Jason McCue

Spaceland Presents

Jason McCue

Thu September 6, 2018

8:00 pm

The Love Song

Los Angeles, CA

Free

This event is 21 and over

Jason McCue
Jason McCue
And you know that our continents will split.”
This is the phrase that Jason McCue reminds his audience of in the opening chapter of his forthcoming album, PANGAEA. It’s a theme that has proven difficult for him to ignore, as over the past year the Earth beneath the 21 year-old indie-folk artist’s feet has constantly been vibrating, thrusting himself upon an unsuspecting Seattle Music Community. 
It began in March of 2017, when McCue competed in the Museum of Popular Culture’s Sound Off! competition for artists 21 and younger in the Pacific Northwest. Armed only with his dad’s acoustic guitar, a wispy tenor voice-box, and more than a few starkly provocative lyrics, Jason ended up impressing the competition’s judges, comprised of Seattle music industry veterans, enough to earn him first place. The prizes included a drum set, an electric guitar, a synthesizer, and performance slots at Bumbershoot and Timber Outdoor Music Festivals. Oh, and there was also a Chipotle gift card, because a young musician has to eat.
Meanwhile, Jason was finishing his Junior Year at Seattle University, immersing himself in Environmental Studies. After taking a course on Mass Extinctions, he became increasingly interested in Earth history, and started applying different aspects of the geologic timescale to his writing. With the introduction of this concept, the groundwork for PANGAEA was laid. He realized that one of the only absolute constants in the 220 million years it’s been since the Earth was together is that the ground keeps moving. Things keep changing.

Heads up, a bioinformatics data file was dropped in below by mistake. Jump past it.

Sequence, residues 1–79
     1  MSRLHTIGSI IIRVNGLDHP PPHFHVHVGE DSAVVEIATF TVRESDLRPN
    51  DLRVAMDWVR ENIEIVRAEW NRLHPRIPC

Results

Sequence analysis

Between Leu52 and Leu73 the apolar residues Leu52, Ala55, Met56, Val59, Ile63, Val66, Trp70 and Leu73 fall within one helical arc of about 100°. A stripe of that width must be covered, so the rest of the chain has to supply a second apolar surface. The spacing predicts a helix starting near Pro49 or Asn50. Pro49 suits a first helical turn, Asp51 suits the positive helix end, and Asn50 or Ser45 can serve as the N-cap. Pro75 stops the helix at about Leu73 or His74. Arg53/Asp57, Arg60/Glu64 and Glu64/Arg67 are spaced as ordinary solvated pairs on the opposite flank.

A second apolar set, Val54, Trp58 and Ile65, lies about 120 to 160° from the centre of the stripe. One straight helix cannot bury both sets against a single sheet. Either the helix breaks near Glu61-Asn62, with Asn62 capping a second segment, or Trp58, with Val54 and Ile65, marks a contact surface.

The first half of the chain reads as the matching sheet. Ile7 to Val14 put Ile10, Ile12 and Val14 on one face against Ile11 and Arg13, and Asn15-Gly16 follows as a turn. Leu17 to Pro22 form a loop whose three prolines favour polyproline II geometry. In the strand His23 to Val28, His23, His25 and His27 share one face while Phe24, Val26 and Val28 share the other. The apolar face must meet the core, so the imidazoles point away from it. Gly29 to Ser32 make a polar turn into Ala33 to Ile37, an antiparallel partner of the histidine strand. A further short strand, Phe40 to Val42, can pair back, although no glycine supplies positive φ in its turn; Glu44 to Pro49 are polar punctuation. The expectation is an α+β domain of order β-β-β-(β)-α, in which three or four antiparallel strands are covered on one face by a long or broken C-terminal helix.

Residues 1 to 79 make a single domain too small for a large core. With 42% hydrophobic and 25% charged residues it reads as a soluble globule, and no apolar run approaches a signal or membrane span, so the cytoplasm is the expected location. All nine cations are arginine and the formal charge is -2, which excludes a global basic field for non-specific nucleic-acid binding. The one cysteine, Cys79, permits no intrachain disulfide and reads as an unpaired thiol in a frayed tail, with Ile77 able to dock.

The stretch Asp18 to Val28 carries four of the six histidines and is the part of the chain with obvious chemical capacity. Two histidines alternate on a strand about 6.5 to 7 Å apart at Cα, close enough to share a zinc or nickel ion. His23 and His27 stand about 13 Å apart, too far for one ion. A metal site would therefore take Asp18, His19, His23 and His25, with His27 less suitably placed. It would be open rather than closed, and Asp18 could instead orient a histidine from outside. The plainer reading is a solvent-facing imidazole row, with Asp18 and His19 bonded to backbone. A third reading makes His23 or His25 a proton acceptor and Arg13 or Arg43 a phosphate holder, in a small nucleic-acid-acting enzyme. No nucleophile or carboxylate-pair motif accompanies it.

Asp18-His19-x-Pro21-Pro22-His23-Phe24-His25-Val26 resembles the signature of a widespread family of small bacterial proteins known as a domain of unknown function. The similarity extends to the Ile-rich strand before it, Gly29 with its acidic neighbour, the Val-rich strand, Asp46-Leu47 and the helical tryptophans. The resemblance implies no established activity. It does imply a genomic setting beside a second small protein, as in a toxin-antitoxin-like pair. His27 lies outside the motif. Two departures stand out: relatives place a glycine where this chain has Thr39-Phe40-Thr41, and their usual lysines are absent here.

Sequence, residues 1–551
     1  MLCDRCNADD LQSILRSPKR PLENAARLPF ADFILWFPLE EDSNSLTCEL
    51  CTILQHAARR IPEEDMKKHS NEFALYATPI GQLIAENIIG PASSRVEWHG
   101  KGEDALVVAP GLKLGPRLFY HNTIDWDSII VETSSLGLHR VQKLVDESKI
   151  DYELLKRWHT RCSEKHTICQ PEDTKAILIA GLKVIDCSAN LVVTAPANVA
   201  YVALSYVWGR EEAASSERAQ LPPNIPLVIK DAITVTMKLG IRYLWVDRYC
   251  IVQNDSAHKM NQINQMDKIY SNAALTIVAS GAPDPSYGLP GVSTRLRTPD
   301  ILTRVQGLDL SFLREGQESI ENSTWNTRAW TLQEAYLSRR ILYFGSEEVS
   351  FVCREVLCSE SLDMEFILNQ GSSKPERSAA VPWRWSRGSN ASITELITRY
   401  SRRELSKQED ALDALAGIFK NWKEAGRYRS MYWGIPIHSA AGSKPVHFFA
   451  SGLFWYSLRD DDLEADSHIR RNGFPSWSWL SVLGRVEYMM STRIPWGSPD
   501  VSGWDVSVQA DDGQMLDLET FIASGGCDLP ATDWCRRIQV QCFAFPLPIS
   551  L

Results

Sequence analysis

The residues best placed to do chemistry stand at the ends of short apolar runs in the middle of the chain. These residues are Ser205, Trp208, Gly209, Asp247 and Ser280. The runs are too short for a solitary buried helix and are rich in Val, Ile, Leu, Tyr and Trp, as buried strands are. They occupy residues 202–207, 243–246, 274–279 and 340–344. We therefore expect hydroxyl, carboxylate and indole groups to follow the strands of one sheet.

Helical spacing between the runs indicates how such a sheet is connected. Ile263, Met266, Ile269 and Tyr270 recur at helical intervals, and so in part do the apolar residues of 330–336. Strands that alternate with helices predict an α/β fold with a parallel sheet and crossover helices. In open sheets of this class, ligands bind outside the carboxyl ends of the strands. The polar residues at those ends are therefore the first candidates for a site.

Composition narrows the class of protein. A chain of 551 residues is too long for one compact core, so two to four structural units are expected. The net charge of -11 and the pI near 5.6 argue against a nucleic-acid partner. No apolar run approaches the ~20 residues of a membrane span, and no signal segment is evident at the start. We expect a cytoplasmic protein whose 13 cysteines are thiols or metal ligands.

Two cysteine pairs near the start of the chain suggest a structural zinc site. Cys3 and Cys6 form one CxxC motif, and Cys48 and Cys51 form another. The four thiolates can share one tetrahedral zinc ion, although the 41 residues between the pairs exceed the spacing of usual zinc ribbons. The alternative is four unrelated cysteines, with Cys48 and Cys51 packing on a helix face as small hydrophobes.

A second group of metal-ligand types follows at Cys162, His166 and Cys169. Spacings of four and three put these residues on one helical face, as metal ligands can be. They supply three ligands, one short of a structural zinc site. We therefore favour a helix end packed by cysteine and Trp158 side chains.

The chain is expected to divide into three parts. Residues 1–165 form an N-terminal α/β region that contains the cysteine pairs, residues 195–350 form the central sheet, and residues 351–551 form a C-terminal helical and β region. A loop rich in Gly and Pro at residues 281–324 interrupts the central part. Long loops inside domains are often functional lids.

PANGAEA marks a milestone in McCue’s musical life because he grew up while making it. The album’s themes revolve around the ideas of nostalgia, certainty, and the distortion of memory traveling at a rate dependent on the proportions of distance and time. All the while, these themes are deposited as references to geology, Earth history, and scientific theory. The album is intended to pose the question— What happens when the continents have drifted as far away from each other as possible? Does that mean they’ll crash again?

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